properly understood and absorbed by an alert profession. As it was, even J. B. Say–the most
important link between Turgot and Walras–did not know how to exploit it fully." (Schumpeter, The
History of Economic Analysis, (pp. 248-9).
In the flowering of Liberalism in the early nineteenth century, one of Hayek’s favorite authors,
Benjamin Constant, raised a serious question. He challenged what he perceived to be Charles
Dunoyer’s determinist view of progress. Constant asked: If we believe that economic and
technological improvement is accompanied by improvement of moral sentiments, how do we
explain the fact that while all of the more advanced peoples of Europe – French, Lombards,
Flemish, Dutch, Germans, and Austrians, – accept the tyranny of Napoleon Bonaparte, it was the
Spanish peasants alone who rose up against the French occupation, and exhausted and then
destroyed Napoleon’s rule? Constant saw the Spanish peasants as the liberators of Europe.
It is exactly in the context of the Spanish struggle for liberation from Napoleon that arose the first
use of the word, Liberales, which was adopted by the English and French admirers of the Spanish
vanguard. However, there was a strong conflict among the Spanish Liberales and among their
French and English friends. The opponents of the monarchist Absolutists in Spain divided between
the Josephist supporters of King Joseph Bonaparte and French modern statism, and Constitutional
supports of the Cortes of Cadiz and the Constitution of 1812.
Many supporters of Enlightenment French philosophy, economics, and legal reform, such as
Jovellanos, were associated with the French Napoleonic administration in Spain. Charles Dunoyer
served in the French Napoleonic administration in Navarre and maintained long friendships with
Spanish political and economic writers who later were exiles in France. The words of the Spanish
exiles were published in French. The Spanish exiles translated many of the French liberal writings
into Spanish to challenge the anti-liberal direction of Spanish political life. Thus, Jean Baptiste Say,
Destutt de Tracy, Charles Comte, Charles Dunoyer, Augustin Thierry, and the French Doctrinaires,
Francois Guizot, Royer Collard, de Barante, Laine, and Maine de Biran had an impact on Spain’s
political thought. But the greatest influence from this French direction was the English Utilitarian,
Jeremy Bentham. Bentham’s writings often appeared in French translations by Dumont long before
they appeared in English. Sometimes Bentham’s ideas for law reform were codified in Latin
America before Englishmen knew what he had written. The Utilitarian influence in Latin America is
one of the major negatives in contrast with the lack of Utilitarian impact on North American
In the era of independence in Spanish America in the early nineteenth century, Jeremy Bentham’s
writings flooded the Iberian world. Utilitarianism rather than Whig Liberalism was seen correctly to
be the heir of the Enlightenment, but seen wrongly to be the guide to liberty and wealth. English and
American constitutionals as described by Montesquieu was understood correctly to mean inefficient
government institutions which canceled out each other, but was understood incorrectly to mean a
block to an efficient society rather than an efficient society required inefficient government.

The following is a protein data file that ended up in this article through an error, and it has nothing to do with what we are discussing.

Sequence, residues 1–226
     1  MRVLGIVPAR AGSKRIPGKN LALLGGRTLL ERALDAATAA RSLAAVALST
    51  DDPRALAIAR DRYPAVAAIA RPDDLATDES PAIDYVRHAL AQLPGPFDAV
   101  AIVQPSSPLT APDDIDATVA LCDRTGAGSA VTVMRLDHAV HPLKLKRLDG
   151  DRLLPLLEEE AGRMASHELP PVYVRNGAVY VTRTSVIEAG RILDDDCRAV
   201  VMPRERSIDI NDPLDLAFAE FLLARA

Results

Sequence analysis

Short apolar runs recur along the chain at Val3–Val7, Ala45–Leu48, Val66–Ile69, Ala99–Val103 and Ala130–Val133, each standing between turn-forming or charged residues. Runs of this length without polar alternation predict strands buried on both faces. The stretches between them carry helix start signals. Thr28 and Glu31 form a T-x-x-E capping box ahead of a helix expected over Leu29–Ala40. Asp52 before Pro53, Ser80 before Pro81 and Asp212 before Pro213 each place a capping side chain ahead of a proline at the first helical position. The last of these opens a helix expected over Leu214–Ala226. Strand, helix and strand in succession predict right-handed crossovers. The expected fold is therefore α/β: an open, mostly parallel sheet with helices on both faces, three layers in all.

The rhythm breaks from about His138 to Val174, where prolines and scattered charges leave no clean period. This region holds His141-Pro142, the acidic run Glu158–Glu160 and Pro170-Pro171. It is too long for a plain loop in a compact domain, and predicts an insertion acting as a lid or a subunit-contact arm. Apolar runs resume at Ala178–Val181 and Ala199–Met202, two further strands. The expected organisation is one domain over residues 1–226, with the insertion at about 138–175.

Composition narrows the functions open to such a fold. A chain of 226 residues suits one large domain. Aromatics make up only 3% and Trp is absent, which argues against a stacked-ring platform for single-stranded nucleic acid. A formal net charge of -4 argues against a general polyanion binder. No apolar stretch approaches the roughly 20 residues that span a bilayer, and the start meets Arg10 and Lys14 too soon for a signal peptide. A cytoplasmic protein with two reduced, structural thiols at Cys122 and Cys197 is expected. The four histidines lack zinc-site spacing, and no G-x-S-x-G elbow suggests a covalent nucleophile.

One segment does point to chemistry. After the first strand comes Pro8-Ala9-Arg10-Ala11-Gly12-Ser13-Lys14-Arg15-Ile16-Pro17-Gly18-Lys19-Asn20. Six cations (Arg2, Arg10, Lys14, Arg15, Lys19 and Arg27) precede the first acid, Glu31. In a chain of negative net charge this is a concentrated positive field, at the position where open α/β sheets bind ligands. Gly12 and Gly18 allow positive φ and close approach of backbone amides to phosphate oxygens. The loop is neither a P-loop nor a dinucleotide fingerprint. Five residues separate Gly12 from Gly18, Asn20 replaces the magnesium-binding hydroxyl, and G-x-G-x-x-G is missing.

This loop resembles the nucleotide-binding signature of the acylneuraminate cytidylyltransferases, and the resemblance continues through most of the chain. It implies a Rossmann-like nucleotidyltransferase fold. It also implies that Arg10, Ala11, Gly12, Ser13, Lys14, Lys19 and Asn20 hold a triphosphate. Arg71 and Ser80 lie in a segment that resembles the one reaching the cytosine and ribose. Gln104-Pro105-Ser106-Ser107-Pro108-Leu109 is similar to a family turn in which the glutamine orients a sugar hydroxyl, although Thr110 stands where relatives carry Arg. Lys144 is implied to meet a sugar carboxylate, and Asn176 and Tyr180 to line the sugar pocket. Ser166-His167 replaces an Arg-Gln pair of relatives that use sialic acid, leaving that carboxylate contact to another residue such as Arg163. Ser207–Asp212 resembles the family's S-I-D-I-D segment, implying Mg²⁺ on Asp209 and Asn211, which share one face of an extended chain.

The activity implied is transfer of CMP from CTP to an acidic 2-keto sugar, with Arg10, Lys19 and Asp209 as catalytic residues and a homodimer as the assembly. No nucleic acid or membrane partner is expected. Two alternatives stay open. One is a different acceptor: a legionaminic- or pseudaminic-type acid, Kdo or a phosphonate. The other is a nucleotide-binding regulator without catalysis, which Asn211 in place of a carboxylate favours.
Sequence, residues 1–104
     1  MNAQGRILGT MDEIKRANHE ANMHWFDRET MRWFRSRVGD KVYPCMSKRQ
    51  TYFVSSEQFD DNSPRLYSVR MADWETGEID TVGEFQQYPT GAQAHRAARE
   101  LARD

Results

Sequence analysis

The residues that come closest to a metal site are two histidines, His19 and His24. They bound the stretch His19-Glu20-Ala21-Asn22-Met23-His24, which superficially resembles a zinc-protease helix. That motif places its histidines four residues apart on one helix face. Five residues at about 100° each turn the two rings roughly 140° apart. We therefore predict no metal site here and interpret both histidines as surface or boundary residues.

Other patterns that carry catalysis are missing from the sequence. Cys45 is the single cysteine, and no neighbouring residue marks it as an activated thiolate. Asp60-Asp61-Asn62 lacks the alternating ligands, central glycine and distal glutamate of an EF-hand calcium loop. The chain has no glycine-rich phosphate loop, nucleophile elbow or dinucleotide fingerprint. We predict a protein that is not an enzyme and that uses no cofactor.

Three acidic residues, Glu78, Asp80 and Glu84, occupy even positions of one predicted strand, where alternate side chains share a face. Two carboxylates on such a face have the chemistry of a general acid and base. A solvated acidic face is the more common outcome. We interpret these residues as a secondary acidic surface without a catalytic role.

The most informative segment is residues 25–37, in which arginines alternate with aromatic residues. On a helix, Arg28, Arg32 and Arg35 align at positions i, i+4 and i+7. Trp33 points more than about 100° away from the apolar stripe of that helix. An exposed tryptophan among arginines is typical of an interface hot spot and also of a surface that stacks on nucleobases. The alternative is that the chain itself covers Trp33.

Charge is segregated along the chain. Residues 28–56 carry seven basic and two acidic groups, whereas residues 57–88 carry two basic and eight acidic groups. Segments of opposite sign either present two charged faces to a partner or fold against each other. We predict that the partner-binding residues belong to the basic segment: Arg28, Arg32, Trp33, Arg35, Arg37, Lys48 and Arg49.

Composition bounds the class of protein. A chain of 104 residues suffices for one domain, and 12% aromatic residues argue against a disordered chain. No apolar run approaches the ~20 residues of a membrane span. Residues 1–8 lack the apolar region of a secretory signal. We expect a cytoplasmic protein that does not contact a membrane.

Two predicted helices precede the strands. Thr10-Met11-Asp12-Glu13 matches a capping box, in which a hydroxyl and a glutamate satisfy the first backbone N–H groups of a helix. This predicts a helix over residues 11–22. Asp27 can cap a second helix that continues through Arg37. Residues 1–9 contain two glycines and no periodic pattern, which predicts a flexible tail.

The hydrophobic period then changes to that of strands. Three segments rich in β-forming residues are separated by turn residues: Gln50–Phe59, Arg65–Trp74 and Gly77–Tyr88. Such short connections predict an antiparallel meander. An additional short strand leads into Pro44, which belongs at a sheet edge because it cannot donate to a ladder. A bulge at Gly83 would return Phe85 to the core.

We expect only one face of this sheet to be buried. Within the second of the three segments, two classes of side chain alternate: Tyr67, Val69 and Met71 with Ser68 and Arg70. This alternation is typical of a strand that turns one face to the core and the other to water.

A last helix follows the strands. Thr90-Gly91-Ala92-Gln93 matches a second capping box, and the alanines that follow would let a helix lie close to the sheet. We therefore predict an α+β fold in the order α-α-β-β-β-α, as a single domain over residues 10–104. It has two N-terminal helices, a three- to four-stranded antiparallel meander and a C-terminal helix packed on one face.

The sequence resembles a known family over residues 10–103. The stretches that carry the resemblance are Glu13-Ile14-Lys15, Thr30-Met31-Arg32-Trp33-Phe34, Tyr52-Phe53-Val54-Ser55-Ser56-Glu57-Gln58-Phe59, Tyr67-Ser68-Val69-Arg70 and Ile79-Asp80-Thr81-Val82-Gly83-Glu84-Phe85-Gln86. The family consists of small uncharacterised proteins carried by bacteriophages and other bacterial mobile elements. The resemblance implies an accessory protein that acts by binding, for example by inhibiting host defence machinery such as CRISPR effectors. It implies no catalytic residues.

Pierre Claude Francois Daunou, a co-author of the French Constitution of the Year III (1795),
with a divided executive and bi-cameral legislature, was a constitutional theorist with a major
impact on Latin America. Associated with the Ideologues, Daunou lost influence during the rule of
Napoleon; he was professor of history at the College de France (1819-30) and archivist of France
(1830-40). He became a leading exponent of Individual rights alongside of Benjamin Constant.
Daunou’s Essai sur les garanties individuelles was an impressive statement of constitutional
protection of individual rights. Translated into Spanish, the book had as great a success in Latin
America as Jefferson’s publication of Destutt de Tracy’s Commentary on Montesquieu in North
Daunou’s principles in Les garanties individuelles did not find in Latin America any of the medieval
institutions which had sheltered liberty in England and America. The rule of Spanish absolutism was
swept away, but the new institutions did not harden back to the medieval Iberian traditions, such as
In the midst of the resistance of the Spanish townsmen and rural yeomen after May 2, 1808, their
leaders sought inspiration from the historic institutions of Spain. The provincial councils looked to
the medieval representative institutions, and the national council in Cadiz called in 1810 for the
formation of a successor to the Cortes which issued a new Constitution on March 19, 1812. It was
based on English constitutional principles. The Liberales sought a foundation in the Gothic traditions
of liberty in constitutional documents and institutions, such as the communas of Cataluna and
Castile. In March, 1814, Ferdinand VII was restored after swearing to maintain the constitution of
1812. But he suppressed the Cortes and undertook a ferocious destruction of the Liberales. In
January, 1820, a revolution re-established the Cortes; but a French invasion in 1823 restored
Ferdinand VII and witnessed his massacre of the Cortes in Cadiz. Benjamin Constant was the
French writer most in tune with the Spanish Constitutionalists and their foundation in the medieval
representative institutions of the communas.
Spain had shared the liberation from Roman taxation and inflation when the Germanic tribes burst